After writing this morning's post about The Common Core - Fine Arts Connection, I read the final entry in the ARTSblog "Blog Salon" that marked National Arts in Education Week. In that post, Kristen Engebretsen referenced a panel discussion that was hosted in March by Common Core, an organization that is actually older than the CCSS, but supports them.
The panel, titled Truant From School: History, Science, and Art, was composed of "experts who discussed the implications of curriculum narrowing and explored how the new Common Core State Standards might serve as a vehicle for addressing the problem."
The experts included:
David Coleman* - Founding partner of Student Achievement Partners and a lead writer of the CCSS in ELA. He will become president and chief executive officer of the College Board in October.
Lewis Huffman - Education Associate for Social Studies at the South Carolina Department of Education.
Carol Jago - A 32-year veteran teacher of English in middle and high school and director of the California Reading and Literature Project at UCLA. She is past president of the National Council of Teachers of English.
Lynne Munson - President and Executive Director of Common Core
If you are a teacher, a principal, a curriculum specialist, or a instructional supervisor, it is VERY IMPORTANT that you watch the video below. Implementation of the Common Core State Standards MUST be done with the understanding that their intent is NOT to narrow the public school curriculum.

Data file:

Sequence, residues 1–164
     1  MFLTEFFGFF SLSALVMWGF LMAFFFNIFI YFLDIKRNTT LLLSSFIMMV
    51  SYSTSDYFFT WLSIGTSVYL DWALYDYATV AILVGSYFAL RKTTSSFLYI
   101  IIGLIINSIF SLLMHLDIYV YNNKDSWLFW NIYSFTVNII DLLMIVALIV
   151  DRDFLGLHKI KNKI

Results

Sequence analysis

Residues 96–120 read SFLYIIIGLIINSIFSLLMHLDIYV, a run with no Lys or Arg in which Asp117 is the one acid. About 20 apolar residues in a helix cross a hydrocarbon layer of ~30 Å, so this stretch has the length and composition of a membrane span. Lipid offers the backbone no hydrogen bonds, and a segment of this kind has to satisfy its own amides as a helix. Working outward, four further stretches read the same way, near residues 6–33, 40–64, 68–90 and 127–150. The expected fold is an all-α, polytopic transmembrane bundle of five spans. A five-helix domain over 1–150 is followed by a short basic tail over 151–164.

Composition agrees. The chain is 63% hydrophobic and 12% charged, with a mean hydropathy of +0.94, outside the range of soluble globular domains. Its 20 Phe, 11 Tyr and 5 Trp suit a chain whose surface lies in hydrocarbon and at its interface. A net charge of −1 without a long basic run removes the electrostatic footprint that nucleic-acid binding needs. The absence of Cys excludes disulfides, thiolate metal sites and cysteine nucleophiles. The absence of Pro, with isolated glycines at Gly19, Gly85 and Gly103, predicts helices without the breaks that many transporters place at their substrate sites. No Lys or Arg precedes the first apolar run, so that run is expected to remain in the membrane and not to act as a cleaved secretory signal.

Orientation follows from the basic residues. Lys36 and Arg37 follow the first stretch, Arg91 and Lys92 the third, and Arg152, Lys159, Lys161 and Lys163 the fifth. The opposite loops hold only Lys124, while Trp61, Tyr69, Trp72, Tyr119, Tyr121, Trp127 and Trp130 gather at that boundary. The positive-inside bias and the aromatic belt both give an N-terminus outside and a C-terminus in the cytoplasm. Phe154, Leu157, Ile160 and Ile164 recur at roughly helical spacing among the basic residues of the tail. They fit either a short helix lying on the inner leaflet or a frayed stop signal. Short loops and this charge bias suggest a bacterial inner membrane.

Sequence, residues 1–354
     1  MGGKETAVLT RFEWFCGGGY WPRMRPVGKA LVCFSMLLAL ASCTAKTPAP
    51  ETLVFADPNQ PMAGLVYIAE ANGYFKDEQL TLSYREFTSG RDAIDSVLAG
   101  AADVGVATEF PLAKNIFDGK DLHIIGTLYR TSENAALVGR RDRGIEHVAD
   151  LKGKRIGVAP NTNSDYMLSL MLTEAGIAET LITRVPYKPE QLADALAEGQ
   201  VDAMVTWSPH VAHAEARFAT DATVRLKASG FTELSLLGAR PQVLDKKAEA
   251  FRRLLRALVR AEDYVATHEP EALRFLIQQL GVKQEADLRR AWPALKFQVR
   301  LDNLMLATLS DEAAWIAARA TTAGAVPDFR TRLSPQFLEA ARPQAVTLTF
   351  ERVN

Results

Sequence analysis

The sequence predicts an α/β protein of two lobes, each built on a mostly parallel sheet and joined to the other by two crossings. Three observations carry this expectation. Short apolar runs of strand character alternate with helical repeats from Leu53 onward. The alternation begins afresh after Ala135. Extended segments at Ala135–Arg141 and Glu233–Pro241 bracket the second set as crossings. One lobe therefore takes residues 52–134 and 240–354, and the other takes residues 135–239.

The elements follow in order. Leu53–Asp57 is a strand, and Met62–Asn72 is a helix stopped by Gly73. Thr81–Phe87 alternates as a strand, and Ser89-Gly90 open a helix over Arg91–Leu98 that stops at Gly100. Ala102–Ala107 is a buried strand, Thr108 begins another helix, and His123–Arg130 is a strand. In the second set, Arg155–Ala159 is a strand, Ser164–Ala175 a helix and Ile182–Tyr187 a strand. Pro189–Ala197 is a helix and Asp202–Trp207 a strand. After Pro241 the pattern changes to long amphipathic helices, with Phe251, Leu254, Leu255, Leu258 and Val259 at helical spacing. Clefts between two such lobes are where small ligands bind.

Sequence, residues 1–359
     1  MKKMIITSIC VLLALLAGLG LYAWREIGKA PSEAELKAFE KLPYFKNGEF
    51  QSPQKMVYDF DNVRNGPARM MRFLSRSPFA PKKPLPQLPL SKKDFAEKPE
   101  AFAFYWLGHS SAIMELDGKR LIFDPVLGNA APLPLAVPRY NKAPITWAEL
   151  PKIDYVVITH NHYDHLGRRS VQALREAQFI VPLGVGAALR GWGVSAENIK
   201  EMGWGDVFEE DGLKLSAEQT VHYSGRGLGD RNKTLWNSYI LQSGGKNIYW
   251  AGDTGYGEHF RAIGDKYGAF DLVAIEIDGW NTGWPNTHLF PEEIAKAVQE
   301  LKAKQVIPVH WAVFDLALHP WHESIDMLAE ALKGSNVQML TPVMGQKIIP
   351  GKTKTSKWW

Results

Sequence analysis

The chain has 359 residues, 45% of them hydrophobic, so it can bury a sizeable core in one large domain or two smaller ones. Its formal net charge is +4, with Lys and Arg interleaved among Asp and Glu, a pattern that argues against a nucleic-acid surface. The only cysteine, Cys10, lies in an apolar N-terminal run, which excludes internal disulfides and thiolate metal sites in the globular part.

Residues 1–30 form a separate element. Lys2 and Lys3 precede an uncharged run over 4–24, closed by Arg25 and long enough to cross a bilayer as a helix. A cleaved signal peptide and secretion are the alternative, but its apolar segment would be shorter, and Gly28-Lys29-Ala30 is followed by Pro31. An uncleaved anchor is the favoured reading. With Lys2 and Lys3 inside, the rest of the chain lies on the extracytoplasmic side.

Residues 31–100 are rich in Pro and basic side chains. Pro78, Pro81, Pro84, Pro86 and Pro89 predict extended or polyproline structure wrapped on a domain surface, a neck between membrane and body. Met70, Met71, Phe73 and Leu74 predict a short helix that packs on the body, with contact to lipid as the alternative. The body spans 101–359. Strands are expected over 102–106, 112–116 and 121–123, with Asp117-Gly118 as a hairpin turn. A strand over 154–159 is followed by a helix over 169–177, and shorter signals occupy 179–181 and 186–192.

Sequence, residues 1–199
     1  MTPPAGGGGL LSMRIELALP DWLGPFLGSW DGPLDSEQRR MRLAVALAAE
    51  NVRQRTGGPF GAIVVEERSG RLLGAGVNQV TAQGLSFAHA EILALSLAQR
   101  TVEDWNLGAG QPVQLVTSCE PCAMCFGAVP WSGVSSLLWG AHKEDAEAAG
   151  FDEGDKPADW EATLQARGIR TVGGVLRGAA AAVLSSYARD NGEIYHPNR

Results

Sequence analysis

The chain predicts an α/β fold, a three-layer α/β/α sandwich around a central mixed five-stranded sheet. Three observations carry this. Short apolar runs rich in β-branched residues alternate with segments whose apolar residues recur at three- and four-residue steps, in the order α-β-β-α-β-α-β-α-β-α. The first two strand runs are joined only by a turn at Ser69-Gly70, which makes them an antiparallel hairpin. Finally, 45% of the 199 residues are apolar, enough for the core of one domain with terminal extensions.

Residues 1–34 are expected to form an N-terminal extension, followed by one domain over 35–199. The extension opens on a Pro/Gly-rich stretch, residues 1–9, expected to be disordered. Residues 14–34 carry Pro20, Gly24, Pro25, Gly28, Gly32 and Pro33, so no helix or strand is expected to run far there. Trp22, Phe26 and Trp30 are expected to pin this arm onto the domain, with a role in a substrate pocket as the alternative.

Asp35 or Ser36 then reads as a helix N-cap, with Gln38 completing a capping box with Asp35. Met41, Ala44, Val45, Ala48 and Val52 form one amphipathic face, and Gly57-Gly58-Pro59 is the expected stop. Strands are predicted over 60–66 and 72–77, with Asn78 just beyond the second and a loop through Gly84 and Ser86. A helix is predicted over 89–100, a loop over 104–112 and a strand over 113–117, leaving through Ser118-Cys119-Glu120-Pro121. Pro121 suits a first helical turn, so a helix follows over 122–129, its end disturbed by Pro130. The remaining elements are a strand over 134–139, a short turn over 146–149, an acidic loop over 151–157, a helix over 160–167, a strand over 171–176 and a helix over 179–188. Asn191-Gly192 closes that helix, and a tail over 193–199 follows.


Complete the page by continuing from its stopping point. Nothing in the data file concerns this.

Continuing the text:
*David Coleman forcefully says, "It is utterly clear if there is not an equal balance of high quality informational and literary text in kindergarten through fifth grade, with the specific declaration that informational text richly covers science, history/social studies, and the arts, it does not meet the requirements of the core standards, either in assessment or curricular terms. Period." And: "There is no such thing as doing the nuts and bolts of reading in kindergarten through fifth grade without coherently developing knowledge in science and history and the arts. Period. It is false. It is a fiction."
If you only have ten minutes, PLEASE at least watch this clip of David Coleman's address:
Having knowledge of the intent of CCSS ELA writers is invaluable, in my opinion. Watching the entire video has been mind-changing for me, and I hope you will find it just as beneficial.
Have a wonderful September weekend!